I mean, Australia’s a funny place. Like America, we were a British colony, so there’s that link between our three nations. And even though we’re still part of the commonwealth we’re very independent. We’re a pushy nation that runs around the world all over the place having a go at things. Every time you turn around you’ll find an Aussie, in just about every country you can think of. We’re there. And we’re pretty easy to get along with, on the whole. So there’s a freshness and a courage and a sense of humour in our outlook that I think comes through in the work. We’re young and we’re feisty and we have an energy in our national psyche that perhaps informs our writing, too. That’s all I can think of!
You’ve been on many book tours and have had to sign many books: is there any tour that stands out in particular, one that you really enjoyed?
Well, I honestly haven’t done that many … *g* but wherever I go, I just like talking to readers. That’s the buzz for me. There are so many, many wonderful books out there to read. I mean, if it’s a signing for me, well, I sign my books, but I love to talk about the books that I love, the authors that I love. The best thing about being a reader is that you can read many many many more books in a year than any one author can write. So you’re spoiled for choice. And sharing my love of reading with other readers is the best thing of all, and that’s what getting out to signings and conventions gives me a chance to do.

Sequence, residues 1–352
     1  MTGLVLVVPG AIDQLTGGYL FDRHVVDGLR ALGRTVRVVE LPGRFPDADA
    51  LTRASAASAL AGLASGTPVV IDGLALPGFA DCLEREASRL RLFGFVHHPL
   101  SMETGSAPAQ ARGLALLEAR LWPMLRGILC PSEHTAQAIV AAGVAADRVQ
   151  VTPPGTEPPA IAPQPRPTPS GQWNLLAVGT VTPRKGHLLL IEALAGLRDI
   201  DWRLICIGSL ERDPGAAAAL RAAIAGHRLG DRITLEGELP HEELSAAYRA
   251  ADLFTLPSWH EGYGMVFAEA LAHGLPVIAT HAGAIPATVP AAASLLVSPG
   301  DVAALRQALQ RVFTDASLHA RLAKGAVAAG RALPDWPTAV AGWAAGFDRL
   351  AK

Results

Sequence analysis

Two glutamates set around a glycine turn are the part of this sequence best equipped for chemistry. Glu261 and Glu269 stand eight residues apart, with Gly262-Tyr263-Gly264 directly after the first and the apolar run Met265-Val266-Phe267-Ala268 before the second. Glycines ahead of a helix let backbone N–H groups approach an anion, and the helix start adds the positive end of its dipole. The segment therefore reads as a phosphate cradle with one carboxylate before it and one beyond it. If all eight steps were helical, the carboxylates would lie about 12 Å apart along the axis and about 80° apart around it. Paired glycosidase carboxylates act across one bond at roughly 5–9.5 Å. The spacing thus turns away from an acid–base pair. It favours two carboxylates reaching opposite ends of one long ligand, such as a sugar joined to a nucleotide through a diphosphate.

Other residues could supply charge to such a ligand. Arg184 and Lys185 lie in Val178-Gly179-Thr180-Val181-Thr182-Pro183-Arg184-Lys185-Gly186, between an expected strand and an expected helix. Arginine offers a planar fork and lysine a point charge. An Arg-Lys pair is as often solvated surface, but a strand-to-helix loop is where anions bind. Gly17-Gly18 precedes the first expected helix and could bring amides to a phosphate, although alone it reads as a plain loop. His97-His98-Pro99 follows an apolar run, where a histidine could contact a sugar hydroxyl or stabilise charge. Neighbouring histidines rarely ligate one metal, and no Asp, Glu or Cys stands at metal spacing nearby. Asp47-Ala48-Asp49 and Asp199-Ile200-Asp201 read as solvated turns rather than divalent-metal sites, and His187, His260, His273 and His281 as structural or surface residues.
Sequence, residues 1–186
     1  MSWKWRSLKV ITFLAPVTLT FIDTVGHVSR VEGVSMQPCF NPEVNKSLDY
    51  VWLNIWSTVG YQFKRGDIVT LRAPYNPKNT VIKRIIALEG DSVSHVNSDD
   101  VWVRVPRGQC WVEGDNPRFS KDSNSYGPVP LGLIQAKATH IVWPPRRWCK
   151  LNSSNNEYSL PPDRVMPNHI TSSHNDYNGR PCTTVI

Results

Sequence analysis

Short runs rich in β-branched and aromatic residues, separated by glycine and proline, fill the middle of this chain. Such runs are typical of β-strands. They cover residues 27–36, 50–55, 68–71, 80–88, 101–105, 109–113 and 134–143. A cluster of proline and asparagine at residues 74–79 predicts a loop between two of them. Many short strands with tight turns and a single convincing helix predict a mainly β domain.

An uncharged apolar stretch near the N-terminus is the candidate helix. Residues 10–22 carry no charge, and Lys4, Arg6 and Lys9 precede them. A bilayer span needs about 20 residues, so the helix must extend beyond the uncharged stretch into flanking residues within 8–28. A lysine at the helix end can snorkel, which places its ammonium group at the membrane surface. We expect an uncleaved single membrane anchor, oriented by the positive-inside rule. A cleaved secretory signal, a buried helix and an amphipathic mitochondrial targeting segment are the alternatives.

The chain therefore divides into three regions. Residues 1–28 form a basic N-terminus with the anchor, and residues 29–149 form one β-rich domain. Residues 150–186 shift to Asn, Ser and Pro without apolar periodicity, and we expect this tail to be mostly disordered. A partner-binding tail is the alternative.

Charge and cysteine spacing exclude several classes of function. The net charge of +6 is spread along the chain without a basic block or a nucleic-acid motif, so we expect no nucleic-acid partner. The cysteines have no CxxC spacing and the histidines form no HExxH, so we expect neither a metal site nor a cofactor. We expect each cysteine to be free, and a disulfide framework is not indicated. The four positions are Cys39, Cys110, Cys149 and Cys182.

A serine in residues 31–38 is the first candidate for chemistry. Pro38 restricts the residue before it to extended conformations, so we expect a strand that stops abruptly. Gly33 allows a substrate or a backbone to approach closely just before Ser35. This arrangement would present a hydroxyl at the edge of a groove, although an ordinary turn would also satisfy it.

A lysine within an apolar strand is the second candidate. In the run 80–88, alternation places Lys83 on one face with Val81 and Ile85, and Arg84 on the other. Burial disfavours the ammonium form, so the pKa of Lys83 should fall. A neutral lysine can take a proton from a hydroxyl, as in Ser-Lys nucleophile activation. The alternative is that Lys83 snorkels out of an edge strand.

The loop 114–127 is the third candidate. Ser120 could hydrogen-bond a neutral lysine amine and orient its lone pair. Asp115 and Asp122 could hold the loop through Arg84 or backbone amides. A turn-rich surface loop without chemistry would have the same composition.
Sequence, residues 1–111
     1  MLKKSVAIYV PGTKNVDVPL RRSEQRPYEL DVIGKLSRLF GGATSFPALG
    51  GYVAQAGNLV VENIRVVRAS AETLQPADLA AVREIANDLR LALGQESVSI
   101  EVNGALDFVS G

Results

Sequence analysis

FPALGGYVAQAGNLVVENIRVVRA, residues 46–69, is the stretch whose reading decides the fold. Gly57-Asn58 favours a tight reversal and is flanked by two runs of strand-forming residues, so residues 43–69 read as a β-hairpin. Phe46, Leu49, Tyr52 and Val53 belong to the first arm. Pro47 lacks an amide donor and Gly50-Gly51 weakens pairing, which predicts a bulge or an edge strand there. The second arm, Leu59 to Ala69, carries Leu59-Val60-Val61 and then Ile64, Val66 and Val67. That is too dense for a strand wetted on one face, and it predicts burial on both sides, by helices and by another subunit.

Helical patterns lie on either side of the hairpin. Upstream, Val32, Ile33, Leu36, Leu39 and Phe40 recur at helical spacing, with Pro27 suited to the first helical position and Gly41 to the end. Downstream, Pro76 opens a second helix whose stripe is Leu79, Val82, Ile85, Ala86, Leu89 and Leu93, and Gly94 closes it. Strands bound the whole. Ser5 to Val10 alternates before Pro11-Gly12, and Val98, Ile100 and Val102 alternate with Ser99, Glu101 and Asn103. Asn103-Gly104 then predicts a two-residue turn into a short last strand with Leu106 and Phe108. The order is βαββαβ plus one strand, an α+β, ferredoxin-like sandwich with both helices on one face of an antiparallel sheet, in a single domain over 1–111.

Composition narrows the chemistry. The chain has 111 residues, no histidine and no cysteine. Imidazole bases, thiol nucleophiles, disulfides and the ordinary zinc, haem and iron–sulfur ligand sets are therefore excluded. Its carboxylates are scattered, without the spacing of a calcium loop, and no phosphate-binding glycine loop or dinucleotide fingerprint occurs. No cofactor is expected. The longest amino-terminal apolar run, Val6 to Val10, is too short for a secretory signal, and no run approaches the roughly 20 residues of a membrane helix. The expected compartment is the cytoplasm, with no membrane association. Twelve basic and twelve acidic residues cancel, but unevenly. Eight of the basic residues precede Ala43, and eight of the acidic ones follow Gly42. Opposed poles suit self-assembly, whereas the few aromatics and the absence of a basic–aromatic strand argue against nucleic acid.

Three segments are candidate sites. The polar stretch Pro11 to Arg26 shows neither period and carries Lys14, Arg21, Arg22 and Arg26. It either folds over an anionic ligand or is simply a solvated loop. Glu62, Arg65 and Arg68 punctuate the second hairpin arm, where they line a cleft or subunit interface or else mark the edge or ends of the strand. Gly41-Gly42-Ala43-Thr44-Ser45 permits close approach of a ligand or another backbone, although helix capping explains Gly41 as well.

With fantasy changing as a genre and the emphasis turning to grittier, un-formulaic storylines, what do you feel began this shift, and do you see it as a good or a bad thing?
I don’t know that it’s changing, as such. I might say that it’s expanding. The tent is getting bigger, which means there’s much more room for different flavours of fantasy — and I say that’s a great thing. If you go back a few years, to the early explosion of fantasy fiction, when the most prominent names were David Eddings and Terry Brooks and Raymond Feist, leading on from the Tolkien style of fiction, basically you were looking at epic heroic storytelling and that seemed to define the genre. Not that I would describe those authors as being formulaic — I think they were the early explorers of the field, laying down the groundwork that then allowed other writers to come along after them and push the boundaries.